Posted On: December 12, 2012

Ivanka Trump Sued For Copying Sandals By Mystique Footwear - Copyright Infringement

copyright-attorney-infringement-shoes-sandals-ivanka-trump-mystique-lawsuit.jpgMystique, a shoe and sandal manufacturing company, filed a copyright infringement and unfair competition claim against Ivanka Trump for allegedly copying two sandal designs. Mystique created and registered with the US Copyright Office its ornamental designs affixed to sandals titled “By the Sea – Style 3323” and “Starry Eyed – Style 4179.” Mystique contends that Trump’s “Pia” and “Pandra” sandals are substantially identical copies of Mystique’s shoe designs: “Defendants’ acts are willful, deliberate and committed with prior notice and knowledge of Plaintiff’s copyrights. At a minimum, Defendants were willfully blind and in reckless disregard of Plaintiff’s copyrights.”

This isn’t the first time Trump’s been accused of pilfering another company’s shoe design. Fashionista covered Derek Lam’s scandalous sandal copying allegations against Ivanka Trump, but it appears the response to Lam’s cease and desist letter was to go pound sand because Lam did not have proper intellectual property protection and the shoe design had been previously produced by numerous third parties. My loyal readers will say: “Wait a minute, you’ve told us that copyright law views fashion products, for example pursues and shoes, as useful articles that cannot be copyrighted. So how was Derek Lam supposed to protect his sandal design.”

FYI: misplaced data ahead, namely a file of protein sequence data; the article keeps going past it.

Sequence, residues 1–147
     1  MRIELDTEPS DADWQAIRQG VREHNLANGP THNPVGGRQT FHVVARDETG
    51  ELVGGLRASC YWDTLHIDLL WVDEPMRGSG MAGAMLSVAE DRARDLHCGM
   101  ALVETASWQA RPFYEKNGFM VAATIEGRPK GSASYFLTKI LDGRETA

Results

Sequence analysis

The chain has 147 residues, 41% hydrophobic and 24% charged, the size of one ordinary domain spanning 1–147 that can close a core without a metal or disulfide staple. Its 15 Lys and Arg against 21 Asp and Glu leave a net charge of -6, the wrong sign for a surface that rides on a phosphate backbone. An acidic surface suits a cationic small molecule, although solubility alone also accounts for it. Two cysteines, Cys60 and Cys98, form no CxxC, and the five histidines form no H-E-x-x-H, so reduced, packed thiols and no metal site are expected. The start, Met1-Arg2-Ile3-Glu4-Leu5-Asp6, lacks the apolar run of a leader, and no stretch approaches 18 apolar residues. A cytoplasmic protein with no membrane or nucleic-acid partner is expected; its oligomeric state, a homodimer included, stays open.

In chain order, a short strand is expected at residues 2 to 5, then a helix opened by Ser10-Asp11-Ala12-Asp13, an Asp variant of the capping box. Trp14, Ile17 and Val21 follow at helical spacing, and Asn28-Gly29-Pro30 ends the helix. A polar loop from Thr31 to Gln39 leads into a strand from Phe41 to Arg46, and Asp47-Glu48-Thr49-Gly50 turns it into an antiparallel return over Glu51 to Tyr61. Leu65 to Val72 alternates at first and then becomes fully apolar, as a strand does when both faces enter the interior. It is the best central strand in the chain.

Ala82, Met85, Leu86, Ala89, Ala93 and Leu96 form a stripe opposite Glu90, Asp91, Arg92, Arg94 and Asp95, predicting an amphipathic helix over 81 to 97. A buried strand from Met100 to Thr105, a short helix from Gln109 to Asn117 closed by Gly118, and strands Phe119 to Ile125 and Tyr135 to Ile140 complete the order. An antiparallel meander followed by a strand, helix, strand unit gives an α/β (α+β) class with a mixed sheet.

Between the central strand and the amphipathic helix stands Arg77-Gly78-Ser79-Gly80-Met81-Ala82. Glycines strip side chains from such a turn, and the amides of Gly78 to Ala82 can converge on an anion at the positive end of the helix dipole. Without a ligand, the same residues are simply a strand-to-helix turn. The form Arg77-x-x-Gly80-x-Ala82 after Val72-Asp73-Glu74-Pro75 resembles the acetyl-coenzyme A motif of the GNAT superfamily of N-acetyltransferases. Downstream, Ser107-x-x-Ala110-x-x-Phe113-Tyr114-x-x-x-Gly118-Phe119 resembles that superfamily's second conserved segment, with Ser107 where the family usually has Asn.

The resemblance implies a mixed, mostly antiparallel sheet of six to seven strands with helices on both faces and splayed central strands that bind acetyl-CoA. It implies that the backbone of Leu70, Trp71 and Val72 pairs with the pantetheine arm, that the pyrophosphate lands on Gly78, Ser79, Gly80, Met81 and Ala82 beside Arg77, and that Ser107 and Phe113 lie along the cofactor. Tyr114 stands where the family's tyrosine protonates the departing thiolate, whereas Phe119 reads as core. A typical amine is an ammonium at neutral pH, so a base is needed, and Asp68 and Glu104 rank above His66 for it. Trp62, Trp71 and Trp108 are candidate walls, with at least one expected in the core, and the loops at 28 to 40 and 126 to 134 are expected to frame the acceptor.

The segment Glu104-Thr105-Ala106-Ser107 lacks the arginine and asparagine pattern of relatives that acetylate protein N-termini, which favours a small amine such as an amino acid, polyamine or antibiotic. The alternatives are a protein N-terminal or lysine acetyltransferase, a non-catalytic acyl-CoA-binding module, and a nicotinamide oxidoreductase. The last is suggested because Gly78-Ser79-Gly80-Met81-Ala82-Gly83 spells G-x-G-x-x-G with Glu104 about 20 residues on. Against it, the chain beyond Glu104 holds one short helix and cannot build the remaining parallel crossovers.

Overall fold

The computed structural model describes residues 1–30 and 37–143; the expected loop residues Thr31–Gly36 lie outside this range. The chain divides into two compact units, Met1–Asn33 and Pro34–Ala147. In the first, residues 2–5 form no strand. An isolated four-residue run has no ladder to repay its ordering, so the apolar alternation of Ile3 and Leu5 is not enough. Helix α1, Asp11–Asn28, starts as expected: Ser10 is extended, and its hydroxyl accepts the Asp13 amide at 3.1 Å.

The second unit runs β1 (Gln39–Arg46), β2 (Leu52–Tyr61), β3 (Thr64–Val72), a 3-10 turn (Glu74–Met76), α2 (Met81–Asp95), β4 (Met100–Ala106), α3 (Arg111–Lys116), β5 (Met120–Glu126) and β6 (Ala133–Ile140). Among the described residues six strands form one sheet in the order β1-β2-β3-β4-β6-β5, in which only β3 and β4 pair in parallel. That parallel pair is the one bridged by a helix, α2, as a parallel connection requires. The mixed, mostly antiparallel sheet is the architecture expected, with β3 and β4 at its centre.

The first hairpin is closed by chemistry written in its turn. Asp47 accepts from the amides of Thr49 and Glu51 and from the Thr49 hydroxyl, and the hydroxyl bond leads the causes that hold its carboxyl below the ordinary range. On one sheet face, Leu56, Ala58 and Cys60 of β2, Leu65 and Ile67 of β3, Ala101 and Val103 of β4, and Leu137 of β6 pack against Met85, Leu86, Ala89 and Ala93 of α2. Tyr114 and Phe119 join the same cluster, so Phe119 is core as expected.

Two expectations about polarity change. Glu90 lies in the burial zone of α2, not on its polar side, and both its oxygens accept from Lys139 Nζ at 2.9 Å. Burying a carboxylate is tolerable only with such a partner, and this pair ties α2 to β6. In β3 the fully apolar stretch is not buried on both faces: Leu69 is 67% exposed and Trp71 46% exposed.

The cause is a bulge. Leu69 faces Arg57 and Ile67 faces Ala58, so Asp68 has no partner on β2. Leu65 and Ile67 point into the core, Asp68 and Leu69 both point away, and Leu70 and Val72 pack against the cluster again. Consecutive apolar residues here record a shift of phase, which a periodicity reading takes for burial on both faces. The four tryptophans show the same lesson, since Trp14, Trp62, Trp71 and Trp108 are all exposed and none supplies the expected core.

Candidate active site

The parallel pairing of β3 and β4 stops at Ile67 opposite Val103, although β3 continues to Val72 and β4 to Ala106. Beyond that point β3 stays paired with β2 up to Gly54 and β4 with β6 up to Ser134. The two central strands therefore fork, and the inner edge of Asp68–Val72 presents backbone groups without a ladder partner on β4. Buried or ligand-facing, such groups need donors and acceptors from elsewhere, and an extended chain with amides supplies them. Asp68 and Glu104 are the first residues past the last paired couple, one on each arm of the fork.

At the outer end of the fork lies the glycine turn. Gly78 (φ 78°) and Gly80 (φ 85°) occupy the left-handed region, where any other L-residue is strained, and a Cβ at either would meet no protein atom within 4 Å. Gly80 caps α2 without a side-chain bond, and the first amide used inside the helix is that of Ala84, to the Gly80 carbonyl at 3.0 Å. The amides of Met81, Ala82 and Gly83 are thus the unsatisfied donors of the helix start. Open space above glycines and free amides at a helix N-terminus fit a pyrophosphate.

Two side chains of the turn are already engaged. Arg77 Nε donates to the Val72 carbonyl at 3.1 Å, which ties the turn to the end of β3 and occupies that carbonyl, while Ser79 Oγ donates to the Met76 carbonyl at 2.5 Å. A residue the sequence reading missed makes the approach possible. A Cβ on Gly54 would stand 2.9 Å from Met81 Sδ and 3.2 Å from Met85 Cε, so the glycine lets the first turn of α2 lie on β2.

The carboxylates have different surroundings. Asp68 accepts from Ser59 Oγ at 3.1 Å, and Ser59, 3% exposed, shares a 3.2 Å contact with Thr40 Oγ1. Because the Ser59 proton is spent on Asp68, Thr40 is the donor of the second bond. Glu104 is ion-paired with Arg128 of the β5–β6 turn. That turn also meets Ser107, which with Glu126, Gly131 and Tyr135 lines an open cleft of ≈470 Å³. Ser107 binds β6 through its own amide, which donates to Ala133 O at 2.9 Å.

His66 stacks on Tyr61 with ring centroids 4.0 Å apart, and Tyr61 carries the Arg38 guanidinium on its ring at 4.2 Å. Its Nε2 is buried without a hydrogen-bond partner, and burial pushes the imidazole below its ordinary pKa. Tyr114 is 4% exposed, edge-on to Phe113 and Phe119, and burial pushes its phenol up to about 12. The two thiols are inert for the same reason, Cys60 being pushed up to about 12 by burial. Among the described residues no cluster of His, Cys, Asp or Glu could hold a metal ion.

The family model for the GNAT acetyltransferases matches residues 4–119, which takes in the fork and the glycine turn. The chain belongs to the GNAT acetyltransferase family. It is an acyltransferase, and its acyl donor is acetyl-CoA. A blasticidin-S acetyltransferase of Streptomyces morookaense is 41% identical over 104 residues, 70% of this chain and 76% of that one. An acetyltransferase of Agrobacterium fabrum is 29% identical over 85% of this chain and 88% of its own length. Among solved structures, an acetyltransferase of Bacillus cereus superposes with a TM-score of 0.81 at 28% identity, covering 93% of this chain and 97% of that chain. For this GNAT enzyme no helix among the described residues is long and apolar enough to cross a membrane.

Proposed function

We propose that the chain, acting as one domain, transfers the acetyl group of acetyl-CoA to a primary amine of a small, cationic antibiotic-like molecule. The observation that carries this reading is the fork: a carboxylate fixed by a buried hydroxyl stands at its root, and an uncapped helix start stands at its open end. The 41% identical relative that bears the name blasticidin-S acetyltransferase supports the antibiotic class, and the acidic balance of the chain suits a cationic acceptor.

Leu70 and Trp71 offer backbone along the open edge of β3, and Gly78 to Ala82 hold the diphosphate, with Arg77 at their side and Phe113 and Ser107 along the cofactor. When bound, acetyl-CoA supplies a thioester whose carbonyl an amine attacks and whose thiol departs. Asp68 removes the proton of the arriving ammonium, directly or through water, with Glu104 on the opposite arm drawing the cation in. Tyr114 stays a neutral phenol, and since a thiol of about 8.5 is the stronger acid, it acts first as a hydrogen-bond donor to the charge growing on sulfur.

Other loyal readers will – I hope – respond with DESIGN PATENTS! Unlike UGG shoes, however, many fashion designers are unaware that fashion designs can be protected through design patents, which must be filed within one year of the design’s public disclosure. Without a design patent, it appears that Derek Lam was attempting the tougher climb of proving trade dress infringement against Trump.

Some loyal readers will now state: “Wait another minute, if sandals are useful articles not protectable through copyright law, how in the world is Mystique filing a copyright infringement complaint against Trump?” As you can see from the sandal pictures, the stars and sea horses are separable design elements that are copyrightable subject matter and form the basis of the copyright infringement complaint. See Chosun Int'l v. Chrisha Creations, Ltd., 413 F.3d 324, 328 (2d Cir. 2005) (“individual design elements of useful articles are afforded some level of protection under the Copyright Act, so long as those design elements are physically or conceptually separable from the article itself.”)